Pay or Appeal a Parking Charge Notice
After receiving a Parking Charge Notice (PCN), you may have a few questions or even grounds for an appeal. In this case, please read through the following FAQs to determine if any of the information applies to you.
Making an online debit or credit payment is the quickest and most convenient way to pay your PCN.
When paying a PCN online, you need the following:
- The reference number (located at the top of the PCN)
- Your Vehicle Registration Number
- Your debit or credit card
Why Have I Received a PCN?
Absolute Parking Management (APM) manages car parks with clear parking terms and conditions, as detailed on signage located in all of our car parks. If a motorist breaches the terms and conditions, such as overstaying a free period or not paying for parking, we issue a PCN. If you feel that you have incorrectly received a PCN ,we will gladly consider your appeal.
How Do I Make an Appeal?
If you believe that the parking charge was issued wrongly and wish to challenge this PCN, please write to:
APM Limited 20 Coxon St.
Spondon Derby DE21 7JG
Alternatively, Click Here to send us an appeal email. When you send us an appeals email, quote the following in all contacts:
- The PCN number
- Vehicle registration number
- Your address
We provide more details on how to appeal to POPLA in our rejection letter.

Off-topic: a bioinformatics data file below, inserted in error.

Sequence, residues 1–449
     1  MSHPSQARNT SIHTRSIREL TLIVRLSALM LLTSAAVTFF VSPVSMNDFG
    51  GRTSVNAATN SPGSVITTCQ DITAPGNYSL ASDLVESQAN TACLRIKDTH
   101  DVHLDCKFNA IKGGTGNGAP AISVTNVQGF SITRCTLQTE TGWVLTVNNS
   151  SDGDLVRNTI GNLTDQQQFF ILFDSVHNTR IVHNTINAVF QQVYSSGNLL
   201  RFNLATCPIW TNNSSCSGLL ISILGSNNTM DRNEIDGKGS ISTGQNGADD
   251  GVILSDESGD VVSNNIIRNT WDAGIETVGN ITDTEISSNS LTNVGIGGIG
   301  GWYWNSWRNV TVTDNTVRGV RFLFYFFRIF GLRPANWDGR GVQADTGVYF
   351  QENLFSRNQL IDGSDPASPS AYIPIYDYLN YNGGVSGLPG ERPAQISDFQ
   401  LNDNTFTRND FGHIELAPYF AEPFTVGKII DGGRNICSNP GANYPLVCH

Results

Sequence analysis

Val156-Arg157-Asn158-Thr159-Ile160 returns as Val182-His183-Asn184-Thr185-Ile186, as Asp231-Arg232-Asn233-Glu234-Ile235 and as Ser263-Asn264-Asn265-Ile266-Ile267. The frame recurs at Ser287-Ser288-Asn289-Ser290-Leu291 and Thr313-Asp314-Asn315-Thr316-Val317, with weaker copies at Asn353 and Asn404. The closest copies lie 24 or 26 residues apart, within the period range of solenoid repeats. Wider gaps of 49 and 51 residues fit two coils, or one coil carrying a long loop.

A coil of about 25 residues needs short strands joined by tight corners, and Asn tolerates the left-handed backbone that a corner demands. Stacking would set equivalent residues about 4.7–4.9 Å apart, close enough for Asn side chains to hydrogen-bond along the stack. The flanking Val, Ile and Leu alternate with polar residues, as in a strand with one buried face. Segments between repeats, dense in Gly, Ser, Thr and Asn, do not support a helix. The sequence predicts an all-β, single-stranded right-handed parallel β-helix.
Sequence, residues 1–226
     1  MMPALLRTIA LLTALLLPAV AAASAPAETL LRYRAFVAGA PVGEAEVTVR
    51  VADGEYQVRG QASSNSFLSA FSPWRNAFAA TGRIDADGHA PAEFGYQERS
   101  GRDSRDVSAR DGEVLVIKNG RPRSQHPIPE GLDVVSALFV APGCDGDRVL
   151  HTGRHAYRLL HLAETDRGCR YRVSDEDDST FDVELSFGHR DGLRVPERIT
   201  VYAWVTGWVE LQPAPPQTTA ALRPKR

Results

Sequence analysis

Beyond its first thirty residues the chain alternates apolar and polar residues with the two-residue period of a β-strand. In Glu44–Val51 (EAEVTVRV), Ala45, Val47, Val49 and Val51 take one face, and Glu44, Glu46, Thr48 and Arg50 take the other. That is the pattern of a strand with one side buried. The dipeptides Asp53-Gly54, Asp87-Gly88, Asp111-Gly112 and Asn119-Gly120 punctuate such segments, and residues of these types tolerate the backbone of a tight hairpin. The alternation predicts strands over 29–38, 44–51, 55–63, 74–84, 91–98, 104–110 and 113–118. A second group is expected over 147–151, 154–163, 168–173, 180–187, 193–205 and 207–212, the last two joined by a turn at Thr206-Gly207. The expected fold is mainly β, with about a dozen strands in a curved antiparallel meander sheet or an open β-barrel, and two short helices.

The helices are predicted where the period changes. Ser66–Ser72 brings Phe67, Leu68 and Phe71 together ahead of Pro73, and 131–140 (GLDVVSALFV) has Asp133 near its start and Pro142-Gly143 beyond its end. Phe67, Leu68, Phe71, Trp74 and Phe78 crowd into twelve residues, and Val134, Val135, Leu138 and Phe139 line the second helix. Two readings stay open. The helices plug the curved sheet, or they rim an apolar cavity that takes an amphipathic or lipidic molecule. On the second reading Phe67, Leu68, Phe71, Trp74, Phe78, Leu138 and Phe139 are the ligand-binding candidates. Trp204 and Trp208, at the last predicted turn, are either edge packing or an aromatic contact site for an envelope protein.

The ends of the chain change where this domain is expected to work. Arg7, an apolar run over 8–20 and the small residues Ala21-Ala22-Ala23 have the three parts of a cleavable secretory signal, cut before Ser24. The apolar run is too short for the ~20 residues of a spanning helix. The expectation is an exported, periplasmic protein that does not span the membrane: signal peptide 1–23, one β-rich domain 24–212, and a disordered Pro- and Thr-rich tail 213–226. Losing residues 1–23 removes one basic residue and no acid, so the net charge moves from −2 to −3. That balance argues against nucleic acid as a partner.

Absolute Parking Management considers all appeals based on their individual circumstances. If you appeal a PCN within the first 14 days after the date of issue and the appeal is rejected, in most cases APM offers the 14-day discount period charge. If a motorist does not make a payment or an appeal after the initial 14-day period, APM applies the full charge and provides the motorist with an additional 14 days to pay the charge. If the motorist does not pay or appeal a parking charge after this 28-day period, the owner is permitted to make representations and appeal to an Independent Appeals Service (POPLA).
For more details on how to make an appeal, visit POPLA.
What If I Have a Blue Badge?
The Department for Transport’s Blue Badge scheme for disabled drivers lets blue badge holders park in certain restricted areas for up to three hours (areas and times may vary, dependent upon the local authority). This concession applies to public highways only and not to privately owned lands. Whilst some landlords provide preferential parking for blue badge holders, disabled parking is generally subject to the same terms and conditions as found elsewhere on the car park. In addition, it is sometimes charged for on the same tariff as other car park users . To avoid confusion, you should always check a car park’s terms and conditions.
How Has APM Acquired My Contact Information?
APM works in association with the Driver and Vehicle Licensing Agency (DVLA). This means that the DVLA provides registered keeper details to APM when a vehicle has been parked in breach of a private car park’s terms and conditions of a private car park. To be able to request this information, APM is a member of the British Parking Association’s (BPA) Approved Operator Scheme.